- - Tuesday, May 19, 2015

Jennifer Jeffery wants something she used to have and hopes to have again — a familiar and normal life.

Before her husband Mark’s injuries, the Jeffreys owned a computer company and Jennifer worked in the medical profession as a research assistant and office manager. She loved to sew and do crafts, but her days have little time for that now.

Mark returned from deployment in Iraq with traumatic brain injury, PTSD and a knee injury. He has no short-term memory and is easily confused and disoriented. From sun-up to sun-down, Jennifer is with him to help him cope with the daily maze of his life, administer his medications and make his meals. Mark can’t drive or cook for himself — twice he set the house on fire by accident.

Jennifer takes him shopping with her if the stores aren’t too busy — crowds stress him out — and several times a week Jennifer drives him to VA appointments. While Mark does what he can to help around the house, even his really good days are challenging because Jennifer is then lulled into a false sense of normalcy and not prepared for the incidents that occur.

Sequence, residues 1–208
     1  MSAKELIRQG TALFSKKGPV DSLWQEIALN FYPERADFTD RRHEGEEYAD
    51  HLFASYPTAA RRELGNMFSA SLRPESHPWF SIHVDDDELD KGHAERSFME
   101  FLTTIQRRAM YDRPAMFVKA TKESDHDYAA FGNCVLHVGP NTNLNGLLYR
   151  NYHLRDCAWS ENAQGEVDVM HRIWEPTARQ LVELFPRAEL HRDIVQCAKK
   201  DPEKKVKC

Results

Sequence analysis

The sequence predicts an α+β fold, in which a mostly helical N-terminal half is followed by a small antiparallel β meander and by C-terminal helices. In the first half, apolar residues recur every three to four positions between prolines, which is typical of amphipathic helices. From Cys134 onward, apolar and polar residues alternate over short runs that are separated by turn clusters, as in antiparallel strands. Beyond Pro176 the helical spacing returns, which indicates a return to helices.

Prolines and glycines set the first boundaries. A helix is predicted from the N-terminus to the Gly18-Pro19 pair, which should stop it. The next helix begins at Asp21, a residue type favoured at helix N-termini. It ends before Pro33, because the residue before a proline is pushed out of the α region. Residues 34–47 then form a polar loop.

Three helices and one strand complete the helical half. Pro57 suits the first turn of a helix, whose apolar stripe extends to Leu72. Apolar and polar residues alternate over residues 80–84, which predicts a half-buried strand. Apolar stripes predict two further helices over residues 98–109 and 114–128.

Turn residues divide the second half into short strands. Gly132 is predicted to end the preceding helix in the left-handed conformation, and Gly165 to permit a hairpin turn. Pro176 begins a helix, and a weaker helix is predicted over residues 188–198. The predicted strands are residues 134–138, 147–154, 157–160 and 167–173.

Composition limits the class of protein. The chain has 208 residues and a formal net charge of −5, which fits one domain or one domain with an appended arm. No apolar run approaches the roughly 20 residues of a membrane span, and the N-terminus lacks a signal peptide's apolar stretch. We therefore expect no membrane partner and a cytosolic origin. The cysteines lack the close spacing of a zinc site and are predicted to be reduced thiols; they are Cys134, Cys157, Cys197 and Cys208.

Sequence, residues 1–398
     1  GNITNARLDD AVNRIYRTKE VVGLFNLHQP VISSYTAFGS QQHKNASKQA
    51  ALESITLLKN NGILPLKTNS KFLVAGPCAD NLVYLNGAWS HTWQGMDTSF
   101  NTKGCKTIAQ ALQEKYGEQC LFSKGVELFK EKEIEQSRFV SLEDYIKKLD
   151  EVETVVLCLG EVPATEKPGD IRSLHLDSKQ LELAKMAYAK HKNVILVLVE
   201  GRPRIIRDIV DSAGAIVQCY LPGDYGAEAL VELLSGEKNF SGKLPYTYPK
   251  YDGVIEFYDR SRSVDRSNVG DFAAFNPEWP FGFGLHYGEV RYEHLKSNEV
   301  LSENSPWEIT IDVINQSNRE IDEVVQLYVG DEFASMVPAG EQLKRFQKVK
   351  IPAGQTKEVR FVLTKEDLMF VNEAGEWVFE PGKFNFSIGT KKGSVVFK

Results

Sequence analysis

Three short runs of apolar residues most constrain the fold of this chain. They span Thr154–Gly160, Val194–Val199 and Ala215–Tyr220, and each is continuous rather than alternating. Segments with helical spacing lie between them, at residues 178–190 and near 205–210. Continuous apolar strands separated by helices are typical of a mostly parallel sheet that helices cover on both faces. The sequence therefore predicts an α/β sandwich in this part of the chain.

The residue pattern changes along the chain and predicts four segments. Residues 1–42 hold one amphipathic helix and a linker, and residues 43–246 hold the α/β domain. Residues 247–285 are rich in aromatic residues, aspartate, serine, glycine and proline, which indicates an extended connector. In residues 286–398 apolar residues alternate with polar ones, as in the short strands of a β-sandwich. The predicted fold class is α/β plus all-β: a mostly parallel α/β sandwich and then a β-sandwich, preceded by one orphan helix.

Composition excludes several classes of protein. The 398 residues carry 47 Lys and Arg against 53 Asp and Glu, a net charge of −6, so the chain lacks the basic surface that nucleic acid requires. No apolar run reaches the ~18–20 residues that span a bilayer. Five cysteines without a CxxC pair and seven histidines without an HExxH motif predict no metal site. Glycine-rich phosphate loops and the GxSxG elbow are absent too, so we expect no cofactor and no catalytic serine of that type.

Weekly visits from their daughter give Jennifer a chance to meet with friends and get caught up on housework. She wishes she had more of that kind of time, and that other people could understand the situation and possibly lend a hand. There are no time outs in caregiving — it is a 24/7 responsibility.

Jennifer’s goal as an Elizabeth Dole Fellow is to bring awareness to the needs of military caregivers. She knows many caregivers feel overwhelmed and believes they may suffer from secondary PTSD and depression.

She’d also like to see health providers recognize that caregivers are an important voice in the medical care of their loved one. And she hopes that she and her husband will be able to make their changed lives feel normal again.

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